After four years of rapid growth, the Pell Grant program faces a “funding cliff” in 2014, writes Andrew P. Kelly, an American Enterprise Institute research fellow. Research student aid before trying to reform it, Kelly writes in the Chronicle of Higher Education. Temporary fixes won’t be enough. There are big questions to be answered.
How can scarce money be allocated more efficiently? Can reforms help more students complete college while maintaining a commitment to ensuring them access to postsecondary education?
MDRC and the nonprofit Institute for College Access and Success are studying “aid as a paycheck.” Community colleges receive their aid in regular payments, rather than getting a lump sum at the start of the term.
The Wisconsin Scholars Longitudinal Study, directed by (Sara) Goldrick-Rab, is a statewide experiment that examines the impact of a privately financed, need-based award on Pell Grant recipients at public two-year colleges. So far, results suggest that $1,000 of additional aid is associated with a two-to-four-percentage-point increase in rates of retention from the first to second year of college.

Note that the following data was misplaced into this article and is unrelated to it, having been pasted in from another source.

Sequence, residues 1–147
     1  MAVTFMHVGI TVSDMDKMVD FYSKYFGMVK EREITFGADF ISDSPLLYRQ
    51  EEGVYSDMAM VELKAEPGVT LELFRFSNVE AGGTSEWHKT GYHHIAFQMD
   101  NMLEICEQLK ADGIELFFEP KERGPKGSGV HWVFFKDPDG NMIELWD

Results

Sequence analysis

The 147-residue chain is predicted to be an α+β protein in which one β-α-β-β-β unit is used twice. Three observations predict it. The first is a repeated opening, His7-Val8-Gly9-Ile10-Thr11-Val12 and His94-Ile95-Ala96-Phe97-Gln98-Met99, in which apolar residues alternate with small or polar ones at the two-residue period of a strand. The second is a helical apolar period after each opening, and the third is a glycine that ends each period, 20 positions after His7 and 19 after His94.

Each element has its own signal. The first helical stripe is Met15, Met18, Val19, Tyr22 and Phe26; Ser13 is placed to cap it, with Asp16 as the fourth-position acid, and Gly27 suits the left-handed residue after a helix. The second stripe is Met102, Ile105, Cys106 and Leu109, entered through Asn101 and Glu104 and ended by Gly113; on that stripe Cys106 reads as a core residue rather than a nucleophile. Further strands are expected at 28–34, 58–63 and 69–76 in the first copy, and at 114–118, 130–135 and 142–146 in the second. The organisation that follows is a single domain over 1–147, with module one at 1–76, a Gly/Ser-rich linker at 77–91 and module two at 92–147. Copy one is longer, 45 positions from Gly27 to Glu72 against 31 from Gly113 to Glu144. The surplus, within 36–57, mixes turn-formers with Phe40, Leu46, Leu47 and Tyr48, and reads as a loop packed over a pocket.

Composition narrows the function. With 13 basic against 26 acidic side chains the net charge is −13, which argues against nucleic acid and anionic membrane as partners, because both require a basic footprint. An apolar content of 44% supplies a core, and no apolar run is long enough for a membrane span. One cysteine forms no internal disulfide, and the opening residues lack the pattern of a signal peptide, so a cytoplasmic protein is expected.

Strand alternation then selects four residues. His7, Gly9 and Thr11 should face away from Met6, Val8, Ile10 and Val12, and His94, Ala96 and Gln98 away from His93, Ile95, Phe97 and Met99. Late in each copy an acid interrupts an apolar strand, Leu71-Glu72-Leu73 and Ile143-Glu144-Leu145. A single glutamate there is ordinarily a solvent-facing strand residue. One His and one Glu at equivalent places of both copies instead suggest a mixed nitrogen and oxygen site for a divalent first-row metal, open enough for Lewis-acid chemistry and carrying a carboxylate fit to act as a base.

. . . the federal government is finally getting its act together. This past summer, the Department of Education announced the first-ever federal Pell Grant experiments. The program will study two changes in Pell eligibility. The first will provide bachelor’s-degree holders with access to Pell dollars to pay for vocational training. The second will enable students to access Pell dollars for shorter-term, lower-intensity programs (as short as eight weeks and a minimum of 150 clock hours) than current law allows.
It’s not enough, writes Kelly. “At $160-billion, financial aid is the most expensive higher-education strategy for promoting student attainment that we have. The least we can do is devote a fraction of that commitment to making sure it works as well as it can.”